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I used to low carb when I needed to lose a few pounds. When I was younger it worked great, other than the industrial strength constipation. But, as I got older my blood pressure started going up, my cholesterol went up and I felt like hammered sh!t. And, it was less and less effective when I turned 40.<br><br>
Since I have gone vegetarian, darn near vegan, I feel a lot better. I haven't had a physical since so, I don't know what my cholesterol will look like. I do walk a lot and I'm sure that has an effect on things. I really don't want to go back to eating meat. I feel good so, I can only assume that things are going good.<br><br>
I believe that we all have different physiology. And, it changes as we age. My experience is that my body doesn't tolerate the abuse that it once would and I'm more in tune to what it's telling me than I once was. One size does not fit all.<br><br>
This is what would happen: If I go back to eating meat I will immediately struggle with IBS like symptoms. I will experience physical highs and lows. I'll have the occasional feelings of depression for no reason. I'll have indigestion in the middle of the night. It's a slippery slope and once you start down that hill it's a slide all the way to the bottom. No thanks.
 

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<div class="quote-container"><span>Quote:</span>
<div class="quote-block">Originally Posted by <strong>svzee</strong> <a href="/forum/post/3045137"><img alt="View Post" class="inlineimg" src="/img/forum/go_quote.gif" style=""></a><br><br>
I ate primal over the summer, following the primal eating outline in Mark Sissone's book <span style="text-decoration:underline;">The Primal Blueprint</span>. My diet consisted of meat, eggs, veggies, and a small amount of fruit, butter, and cheese. I cut out all grains, sugars, lentils, caffeine, and processed food. At first I felt fantastic and lost 10 lbs in a month. Then I started crashing. I felt sluggish and cranky, and it was killing my grocery budget to buy so much locally raised meat and eggs. I was spending half of my family's grocery budget just on myself each month, leaving the other half for my husband and three kids. Needless to say I only followed primal eating for about three months before giving it up. While I agree with some of Mark's ideas/research, I think the negatives of having a meat based diet outweigh the potential positives. Now here I am, going the complete opposite <img alt="" class="inlineimg" src="/images/smilies/smiley.gif" style="border:0px solid;" title=":)"> One huge draw of vegetarianism to me, besides the health benefits, is the cost. Soooo much cheaper then eating primal.</div>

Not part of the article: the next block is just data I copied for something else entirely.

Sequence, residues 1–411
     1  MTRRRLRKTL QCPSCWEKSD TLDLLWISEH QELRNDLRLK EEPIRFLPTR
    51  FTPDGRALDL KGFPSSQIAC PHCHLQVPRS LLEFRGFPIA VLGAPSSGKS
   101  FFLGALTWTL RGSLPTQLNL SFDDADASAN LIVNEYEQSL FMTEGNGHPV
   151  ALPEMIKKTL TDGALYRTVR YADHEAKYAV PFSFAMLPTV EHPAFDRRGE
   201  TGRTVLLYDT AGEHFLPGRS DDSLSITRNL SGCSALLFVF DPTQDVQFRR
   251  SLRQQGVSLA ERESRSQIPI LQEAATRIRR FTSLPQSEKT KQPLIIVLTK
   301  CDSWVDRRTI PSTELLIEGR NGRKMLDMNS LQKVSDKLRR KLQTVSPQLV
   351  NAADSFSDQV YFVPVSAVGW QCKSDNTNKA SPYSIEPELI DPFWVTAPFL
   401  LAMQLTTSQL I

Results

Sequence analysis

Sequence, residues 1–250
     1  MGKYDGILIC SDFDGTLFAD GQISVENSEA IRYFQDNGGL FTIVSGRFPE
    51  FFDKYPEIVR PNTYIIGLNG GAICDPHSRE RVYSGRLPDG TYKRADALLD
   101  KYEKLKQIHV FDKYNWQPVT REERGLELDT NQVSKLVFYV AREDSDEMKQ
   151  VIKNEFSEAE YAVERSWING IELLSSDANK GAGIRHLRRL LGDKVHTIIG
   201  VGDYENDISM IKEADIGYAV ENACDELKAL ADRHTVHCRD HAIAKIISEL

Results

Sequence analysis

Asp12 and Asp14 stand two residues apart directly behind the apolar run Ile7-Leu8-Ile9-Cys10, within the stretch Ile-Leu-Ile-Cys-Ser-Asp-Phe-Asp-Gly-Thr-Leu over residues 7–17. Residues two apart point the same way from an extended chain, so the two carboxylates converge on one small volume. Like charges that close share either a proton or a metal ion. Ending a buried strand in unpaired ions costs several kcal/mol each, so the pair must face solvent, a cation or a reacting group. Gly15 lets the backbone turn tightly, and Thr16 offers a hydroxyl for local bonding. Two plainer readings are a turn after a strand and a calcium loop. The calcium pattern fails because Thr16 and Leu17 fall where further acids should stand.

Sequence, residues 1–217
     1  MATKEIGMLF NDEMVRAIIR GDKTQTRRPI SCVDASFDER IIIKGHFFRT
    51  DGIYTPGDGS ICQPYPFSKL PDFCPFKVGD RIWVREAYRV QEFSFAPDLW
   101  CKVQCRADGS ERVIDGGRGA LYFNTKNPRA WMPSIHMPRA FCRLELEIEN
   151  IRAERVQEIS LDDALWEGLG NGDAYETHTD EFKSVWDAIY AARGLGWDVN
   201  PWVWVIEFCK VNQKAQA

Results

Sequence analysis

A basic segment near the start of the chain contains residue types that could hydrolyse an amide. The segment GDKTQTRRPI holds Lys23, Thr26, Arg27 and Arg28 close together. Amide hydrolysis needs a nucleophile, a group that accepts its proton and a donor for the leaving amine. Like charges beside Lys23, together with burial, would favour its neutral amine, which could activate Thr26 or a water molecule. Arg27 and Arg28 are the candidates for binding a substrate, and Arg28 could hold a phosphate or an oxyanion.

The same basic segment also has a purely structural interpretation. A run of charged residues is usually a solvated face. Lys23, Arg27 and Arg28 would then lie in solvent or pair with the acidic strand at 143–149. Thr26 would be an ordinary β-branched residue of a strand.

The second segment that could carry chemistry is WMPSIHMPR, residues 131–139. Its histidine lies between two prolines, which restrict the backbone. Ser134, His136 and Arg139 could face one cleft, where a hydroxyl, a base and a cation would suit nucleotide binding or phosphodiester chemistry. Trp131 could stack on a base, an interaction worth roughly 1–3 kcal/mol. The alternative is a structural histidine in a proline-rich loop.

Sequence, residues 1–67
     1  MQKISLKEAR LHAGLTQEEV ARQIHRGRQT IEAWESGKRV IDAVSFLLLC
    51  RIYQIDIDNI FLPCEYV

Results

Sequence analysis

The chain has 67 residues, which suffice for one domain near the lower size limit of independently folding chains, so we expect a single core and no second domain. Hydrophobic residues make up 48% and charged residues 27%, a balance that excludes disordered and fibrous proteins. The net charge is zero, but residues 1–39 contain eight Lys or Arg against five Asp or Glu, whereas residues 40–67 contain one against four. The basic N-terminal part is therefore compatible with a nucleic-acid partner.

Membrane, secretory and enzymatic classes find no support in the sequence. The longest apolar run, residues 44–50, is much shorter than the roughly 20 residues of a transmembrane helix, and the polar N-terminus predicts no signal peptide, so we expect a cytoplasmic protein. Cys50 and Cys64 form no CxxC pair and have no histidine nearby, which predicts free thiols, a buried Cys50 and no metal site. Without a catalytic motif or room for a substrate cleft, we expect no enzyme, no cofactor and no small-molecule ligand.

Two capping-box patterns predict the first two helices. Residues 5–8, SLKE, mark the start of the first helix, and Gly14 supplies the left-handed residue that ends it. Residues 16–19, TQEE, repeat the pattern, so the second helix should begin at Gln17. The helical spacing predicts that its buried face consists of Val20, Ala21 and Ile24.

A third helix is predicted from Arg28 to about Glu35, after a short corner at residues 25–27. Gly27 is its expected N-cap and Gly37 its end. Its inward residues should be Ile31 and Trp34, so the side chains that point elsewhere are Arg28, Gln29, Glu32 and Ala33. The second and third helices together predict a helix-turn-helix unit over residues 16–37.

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That's awesome that you're here now <img alt="" class="inlineimg" src="/images/smilies/smiley.gif" style="border:0px solid;" title=":)"> It really is cheaper to eat vegetarian and the health benefits are amazing.<br><br>
I did the low carb diet in high school, I've never felt so crappy in my life. I did it the "right" way too. If you're diabetic, that's one thing, but the average person likely can't thrive eating tons of meat.
 

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So I went to Whole foods today and i got a VEGAN PIZZA... But thats not whats amazing. Its that although the woman serving the pizza had more costumers than just me and my family, she took the time to ask me if i was vegan. And then upon asking, she got gloves out and made sure that my pizza wasn't touching anything that had cheese or meat on it... I love this girl!
 

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<div class="quote-container"><span>Quote:</span>
<div class="quote-block">Originally Posted by <strong>Josh James xVx</strong> <a href="/forum/post/3044881"><img alt="View Post" class="inlineimg" src="/img/forum/go_quote.gif" style=""></a><br><br>
Why would evolving as meat eaters justify eating meat in modern times? Our evolutionary ancestors commonly practiced rape, genocide, cannibalism and infanticide as well. Are these the people we aspire to become?</div>
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Is the correct answer "UGG!" ?